A masterpiece of Islamic architecture, surrounded by picturesque orange groves and elaborate water features, the Royal Palace of Casablanca is a suitably grand royal abode. Located in the Habous district of the city’s New Medina, this is the King’s principal Casablancan residence and host to a number of important events and royal receptions.
The palace grounds, as with most Moroccan royal residences, are closed to the public, but that doesn’t stop it from being a popular attraction on city tours. If you’re lucky enough to peek through the ornate gates, you might catch a glimpse of the spectacular façade, flanked by a team of uniformed royal guards.
A short stroll or tram ride from United Nations Place, in the heart of Casablanca city center, the Marche Central de Casablanca is the city’s main market, located along the busy shopping street of Muhammad V Boulevard. Crammed with locals, the daily market is fascinating place for tourists to get a taste of local culture, as well as pick up bargains, with everything from food to fresh flowers and traditional clothing on sale.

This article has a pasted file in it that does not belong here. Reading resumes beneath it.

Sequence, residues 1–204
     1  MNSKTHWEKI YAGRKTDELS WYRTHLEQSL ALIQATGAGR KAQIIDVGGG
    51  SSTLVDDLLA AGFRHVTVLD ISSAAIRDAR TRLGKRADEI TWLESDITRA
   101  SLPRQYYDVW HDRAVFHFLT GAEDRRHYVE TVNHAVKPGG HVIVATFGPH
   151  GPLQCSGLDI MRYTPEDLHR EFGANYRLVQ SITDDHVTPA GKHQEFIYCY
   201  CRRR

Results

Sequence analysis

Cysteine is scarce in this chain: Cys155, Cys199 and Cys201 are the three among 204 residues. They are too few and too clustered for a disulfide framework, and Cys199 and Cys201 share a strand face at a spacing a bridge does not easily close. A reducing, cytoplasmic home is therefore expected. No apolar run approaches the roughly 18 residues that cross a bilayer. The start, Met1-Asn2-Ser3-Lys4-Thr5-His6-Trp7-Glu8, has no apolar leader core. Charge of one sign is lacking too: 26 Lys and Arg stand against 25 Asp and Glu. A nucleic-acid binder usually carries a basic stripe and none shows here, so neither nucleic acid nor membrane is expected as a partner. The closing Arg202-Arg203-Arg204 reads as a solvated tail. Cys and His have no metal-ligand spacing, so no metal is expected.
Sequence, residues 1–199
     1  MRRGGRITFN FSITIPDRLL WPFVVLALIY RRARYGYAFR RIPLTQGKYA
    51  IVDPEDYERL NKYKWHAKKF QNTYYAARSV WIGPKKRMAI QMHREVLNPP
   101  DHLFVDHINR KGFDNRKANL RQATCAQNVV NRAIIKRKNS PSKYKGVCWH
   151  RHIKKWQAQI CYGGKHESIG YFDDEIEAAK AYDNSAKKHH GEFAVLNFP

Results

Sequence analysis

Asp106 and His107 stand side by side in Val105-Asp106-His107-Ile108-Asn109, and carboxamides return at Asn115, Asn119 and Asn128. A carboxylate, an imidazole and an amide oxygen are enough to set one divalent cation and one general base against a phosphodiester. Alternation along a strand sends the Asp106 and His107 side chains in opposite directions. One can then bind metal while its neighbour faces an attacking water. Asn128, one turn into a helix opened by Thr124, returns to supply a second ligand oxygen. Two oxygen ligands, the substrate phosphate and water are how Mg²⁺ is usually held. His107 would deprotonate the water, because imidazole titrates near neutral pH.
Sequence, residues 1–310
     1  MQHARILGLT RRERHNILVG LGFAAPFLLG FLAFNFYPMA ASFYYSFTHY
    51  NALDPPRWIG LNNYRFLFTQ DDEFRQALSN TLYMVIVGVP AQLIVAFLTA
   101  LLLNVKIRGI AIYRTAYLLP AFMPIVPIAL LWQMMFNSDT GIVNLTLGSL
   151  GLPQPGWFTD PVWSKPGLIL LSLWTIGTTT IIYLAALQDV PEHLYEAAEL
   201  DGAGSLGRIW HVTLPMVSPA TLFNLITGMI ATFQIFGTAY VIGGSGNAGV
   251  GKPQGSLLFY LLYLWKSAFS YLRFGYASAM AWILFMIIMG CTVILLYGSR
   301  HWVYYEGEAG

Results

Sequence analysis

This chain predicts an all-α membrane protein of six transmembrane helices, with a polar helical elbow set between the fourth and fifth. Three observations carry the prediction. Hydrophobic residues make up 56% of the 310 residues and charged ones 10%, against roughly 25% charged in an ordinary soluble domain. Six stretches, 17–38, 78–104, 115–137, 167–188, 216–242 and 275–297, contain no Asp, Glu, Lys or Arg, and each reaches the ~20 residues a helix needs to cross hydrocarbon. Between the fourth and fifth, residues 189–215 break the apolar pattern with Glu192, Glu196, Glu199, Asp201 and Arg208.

The vibrant stalls serve up a myriad of fresh produce, with mounds of fruit and vegetables, a vast array of fish and shellfish, and a rainbow of spices filling the senses with exotic sights and smells. This is also a popular spot for lunch, with a number of renowned fish restaurants and hole-in-the-wall eateries lining the market place.